Rookies and selected veterans reported to camp last weekend, but with the rest of veterans reporting yesterday and full team practices starting tomorrow, training camp is officially a reality. The return of training camp means there will be plenty of storylines and position battles to break down over the next six weeks before the regular season starts.
During the draft, you might recall I was involved in some video production breaking down the NFL draft. I focused on the NFC West, but also provided some commentary on the other divisions (Day 1, Day 2, Grades). Now that training camp is upon us, we are going to be providing some more video content. It will be a mix of studio produced and my own stuff.
We'll have three studio produced videos this preseason, with the first today looking at the five biggest training camp storylines/position battles. It involves me producing some content via webcam in DC and then our studio adding in some graphics and sound to spice it up. I thought this first one looks really solid and I think you'll really like the other videos we'll be producing.
And yes, I am aware Kyle Williams and A.J. Jenkins are flip-flopped in the video.
A five minute video isn't the easiest way to fully explain the position battles the 49ers face heading into training camp. However, I felt like I could provide a fairly high level overview, and then we can "explore the studio space" after the jump and in the comments. The 49ers are one of the NFC favorites, but as with any team, they face a variety of questions heading into the season. Ideally they'll get some positive answers to these questions, but it will take some time to figure out exactly where we are at.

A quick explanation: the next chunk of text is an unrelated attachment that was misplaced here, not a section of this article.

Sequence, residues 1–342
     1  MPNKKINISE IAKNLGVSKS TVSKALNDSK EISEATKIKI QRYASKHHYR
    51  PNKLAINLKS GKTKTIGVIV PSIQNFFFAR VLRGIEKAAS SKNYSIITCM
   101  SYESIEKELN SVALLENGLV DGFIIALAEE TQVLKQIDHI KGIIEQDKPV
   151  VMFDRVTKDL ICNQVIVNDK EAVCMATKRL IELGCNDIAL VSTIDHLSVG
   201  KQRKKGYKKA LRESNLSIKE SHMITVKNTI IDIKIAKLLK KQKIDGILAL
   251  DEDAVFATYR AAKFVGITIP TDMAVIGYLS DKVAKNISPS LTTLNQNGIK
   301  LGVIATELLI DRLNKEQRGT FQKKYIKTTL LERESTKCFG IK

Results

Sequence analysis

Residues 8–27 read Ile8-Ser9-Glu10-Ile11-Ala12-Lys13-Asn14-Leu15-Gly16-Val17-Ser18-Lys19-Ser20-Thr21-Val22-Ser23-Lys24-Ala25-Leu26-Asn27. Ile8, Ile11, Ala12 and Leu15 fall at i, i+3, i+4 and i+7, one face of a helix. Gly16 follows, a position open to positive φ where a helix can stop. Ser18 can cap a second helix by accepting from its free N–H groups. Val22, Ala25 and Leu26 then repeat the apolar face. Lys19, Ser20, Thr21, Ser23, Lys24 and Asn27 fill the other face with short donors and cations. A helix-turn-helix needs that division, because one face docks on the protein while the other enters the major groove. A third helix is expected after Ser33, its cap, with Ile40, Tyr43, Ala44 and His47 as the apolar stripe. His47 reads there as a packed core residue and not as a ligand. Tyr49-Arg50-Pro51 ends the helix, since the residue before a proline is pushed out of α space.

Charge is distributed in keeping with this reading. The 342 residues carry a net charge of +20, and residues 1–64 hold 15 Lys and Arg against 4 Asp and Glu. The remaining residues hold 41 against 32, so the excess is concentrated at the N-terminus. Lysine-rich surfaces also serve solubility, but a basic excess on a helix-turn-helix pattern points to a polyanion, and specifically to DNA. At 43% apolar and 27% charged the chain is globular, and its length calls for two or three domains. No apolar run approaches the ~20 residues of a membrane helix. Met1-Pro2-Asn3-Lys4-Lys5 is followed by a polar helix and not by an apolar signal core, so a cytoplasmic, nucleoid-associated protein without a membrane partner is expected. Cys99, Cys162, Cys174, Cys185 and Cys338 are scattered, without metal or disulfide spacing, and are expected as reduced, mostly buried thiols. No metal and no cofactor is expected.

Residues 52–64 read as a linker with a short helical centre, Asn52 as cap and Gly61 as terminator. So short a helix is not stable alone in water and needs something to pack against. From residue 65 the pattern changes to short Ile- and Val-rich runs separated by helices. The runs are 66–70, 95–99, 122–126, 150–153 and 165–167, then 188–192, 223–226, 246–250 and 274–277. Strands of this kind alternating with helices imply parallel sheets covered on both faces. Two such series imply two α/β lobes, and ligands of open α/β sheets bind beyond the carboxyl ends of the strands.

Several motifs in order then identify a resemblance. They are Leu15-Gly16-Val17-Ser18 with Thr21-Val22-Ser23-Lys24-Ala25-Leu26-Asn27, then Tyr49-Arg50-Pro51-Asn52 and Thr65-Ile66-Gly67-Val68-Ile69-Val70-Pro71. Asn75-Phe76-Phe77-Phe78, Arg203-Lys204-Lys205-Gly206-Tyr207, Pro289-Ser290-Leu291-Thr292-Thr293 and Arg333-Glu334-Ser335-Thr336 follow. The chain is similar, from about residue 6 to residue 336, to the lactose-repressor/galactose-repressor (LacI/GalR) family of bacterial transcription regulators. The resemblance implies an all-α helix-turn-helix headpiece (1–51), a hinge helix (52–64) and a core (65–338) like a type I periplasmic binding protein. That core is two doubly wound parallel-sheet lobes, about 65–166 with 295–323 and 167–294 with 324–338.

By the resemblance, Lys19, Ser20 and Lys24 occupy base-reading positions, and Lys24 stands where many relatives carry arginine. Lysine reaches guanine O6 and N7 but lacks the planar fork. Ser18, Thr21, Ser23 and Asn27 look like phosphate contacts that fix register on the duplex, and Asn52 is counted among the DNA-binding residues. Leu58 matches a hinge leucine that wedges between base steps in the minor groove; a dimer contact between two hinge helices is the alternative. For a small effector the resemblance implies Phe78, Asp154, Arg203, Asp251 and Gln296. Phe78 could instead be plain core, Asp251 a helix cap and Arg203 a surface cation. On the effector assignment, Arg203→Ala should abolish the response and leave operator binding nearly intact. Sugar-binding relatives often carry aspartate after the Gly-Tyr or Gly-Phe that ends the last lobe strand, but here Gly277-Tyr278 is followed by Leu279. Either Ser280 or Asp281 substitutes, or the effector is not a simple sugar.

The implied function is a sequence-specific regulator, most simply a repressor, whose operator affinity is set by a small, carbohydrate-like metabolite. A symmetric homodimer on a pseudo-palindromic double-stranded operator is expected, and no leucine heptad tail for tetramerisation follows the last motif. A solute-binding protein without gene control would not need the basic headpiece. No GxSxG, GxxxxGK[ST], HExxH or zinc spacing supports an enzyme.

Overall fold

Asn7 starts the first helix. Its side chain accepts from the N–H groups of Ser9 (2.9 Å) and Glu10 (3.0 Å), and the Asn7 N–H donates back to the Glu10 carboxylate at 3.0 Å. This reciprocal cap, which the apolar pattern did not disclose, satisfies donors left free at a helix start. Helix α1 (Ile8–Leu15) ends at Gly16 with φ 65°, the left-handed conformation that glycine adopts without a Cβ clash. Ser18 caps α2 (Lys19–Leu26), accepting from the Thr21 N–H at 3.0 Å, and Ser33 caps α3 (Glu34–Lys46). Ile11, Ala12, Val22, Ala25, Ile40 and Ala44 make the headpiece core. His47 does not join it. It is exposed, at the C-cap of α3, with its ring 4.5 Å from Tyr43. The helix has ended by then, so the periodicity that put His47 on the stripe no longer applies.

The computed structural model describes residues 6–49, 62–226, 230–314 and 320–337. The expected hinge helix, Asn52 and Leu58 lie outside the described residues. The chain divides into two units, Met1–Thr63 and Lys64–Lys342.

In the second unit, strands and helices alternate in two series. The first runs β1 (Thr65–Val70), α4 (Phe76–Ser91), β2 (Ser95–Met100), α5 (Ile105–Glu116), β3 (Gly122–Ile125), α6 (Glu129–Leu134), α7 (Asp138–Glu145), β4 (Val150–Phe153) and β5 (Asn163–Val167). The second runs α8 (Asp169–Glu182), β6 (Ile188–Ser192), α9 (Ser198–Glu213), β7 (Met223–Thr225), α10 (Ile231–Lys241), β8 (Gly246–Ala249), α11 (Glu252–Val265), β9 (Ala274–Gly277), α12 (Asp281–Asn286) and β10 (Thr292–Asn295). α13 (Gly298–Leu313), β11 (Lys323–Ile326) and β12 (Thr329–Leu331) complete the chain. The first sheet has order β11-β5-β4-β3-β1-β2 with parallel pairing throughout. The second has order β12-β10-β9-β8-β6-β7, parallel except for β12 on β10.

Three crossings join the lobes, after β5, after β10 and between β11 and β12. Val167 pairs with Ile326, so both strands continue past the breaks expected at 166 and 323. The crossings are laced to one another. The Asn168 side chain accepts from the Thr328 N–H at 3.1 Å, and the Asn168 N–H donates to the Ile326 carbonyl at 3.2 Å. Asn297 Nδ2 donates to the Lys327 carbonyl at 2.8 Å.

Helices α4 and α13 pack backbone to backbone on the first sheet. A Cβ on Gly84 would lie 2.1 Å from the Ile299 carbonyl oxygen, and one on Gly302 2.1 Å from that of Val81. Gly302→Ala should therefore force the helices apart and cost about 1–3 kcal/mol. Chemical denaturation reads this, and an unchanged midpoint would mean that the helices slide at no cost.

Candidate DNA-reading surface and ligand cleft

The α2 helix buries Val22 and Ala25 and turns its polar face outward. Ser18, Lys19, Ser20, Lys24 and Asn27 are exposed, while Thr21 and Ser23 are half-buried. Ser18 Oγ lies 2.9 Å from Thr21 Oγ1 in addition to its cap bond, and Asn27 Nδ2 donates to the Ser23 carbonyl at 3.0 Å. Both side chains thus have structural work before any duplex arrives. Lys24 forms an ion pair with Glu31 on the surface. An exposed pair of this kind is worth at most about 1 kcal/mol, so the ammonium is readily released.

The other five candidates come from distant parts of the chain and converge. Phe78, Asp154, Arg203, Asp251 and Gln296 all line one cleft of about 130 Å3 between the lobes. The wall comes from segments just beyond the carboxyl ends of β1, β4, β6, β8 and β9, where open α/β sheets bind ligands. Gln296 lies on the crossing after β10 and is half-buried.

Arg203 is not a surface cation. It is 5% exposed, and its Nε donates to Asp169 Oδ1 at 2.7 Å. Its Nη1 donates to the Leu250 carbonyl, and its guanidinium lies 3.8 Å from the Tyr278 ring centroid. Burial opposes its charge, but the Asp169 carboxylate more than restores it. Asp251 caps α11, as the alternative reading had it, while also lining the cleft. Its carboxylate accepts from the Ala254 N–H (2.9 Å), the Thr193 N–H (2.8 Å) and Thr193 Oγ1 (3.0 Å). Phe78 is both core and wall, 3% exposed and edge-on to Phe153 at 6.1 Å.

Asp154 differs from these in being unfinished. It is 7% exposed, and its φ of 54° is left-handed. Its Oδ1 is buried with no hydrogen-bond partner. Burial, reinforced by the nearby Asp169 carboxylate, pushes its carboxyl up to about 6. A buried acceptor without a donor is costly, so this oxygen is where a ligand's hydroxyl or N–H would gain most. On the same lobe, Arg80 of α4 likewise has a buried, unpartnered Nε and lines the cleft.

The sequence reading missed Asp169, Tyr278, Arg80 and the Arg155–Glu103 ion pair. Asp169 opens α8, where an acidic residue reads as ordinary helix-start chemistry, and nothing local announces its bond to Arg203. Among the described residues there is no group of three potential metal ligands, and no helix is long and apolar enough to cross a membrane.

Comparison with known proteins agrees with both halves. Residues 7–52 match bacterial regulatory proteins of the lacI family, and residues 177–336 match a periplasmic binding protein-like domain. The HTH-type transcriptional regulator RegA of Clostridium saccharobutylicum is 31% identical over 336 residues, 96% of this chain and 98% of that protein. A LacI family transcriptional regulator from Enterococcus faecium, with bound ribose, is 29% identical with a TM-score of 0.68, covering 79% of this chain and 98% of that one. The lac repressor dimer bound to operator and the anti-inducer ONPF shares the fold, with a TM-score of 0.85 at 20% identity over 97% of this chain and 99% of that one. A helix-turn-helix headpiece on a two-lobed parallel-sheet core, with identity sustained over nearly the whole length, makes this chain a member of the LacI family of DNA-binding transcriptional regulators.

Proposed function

Although I feel the five storylines in the video are among the most important, they are not the only issues facing the 49ers. Feel free to chime in if you think there are other more significant issues. For now though, the five in the video were:
1. Wide Receiver
2. Right Guard
3. Running Back
You could make an argument that Alex Smith's progress (or lack thereof) is as important as any storyline. I would argue that is more just one monster continuous storyline, and these five are significant after that. Take it however you want.
The only player that would appear to be locked into anything resembling a specific part of the depth chart is Michael Crabtree. He was last year's leading receiver and has made strides each year. However, the 49ers lacked depth at the wide receiver position, which resulted in several offseason additions. Randy Moss appears to be slotted in opposite Crabtree, with Mario Manningham tentatively looking like the number three receiver.
For Moss, sitting out a year makes it hard to sort through what to expect from him in 2012. All the OTA reports were positive, but until he starts playing in pads and taking hits, can we really know for sure? I am optimistic because he has always been such a freak of nature, but we'll find out more over the next month.
I think Kyle Williams remains an interesting possibility this season because of the motivation he seems to have following the intense criticism after the NFC Championship Game. If he can channel that criticism, I would like to think he could develop into a solid receiver. He showed some signs last season, but couldn't quite break through.
As for A.J. Jenkins? Well, it's difficult to tell what the 49ers rookie receiver will do in 2012. He will try and push Kyle Williams (and potentially Ted Ginn Jr.) for playing time. There has been some criticisms of his OTAs, but some believe the criticisms are overblown to a certain extent. Most OTA practices were closed to the media, so I think we'll get higher quality assessments (good OR bad) in the coming weeks.
Right Guard/Offensive Line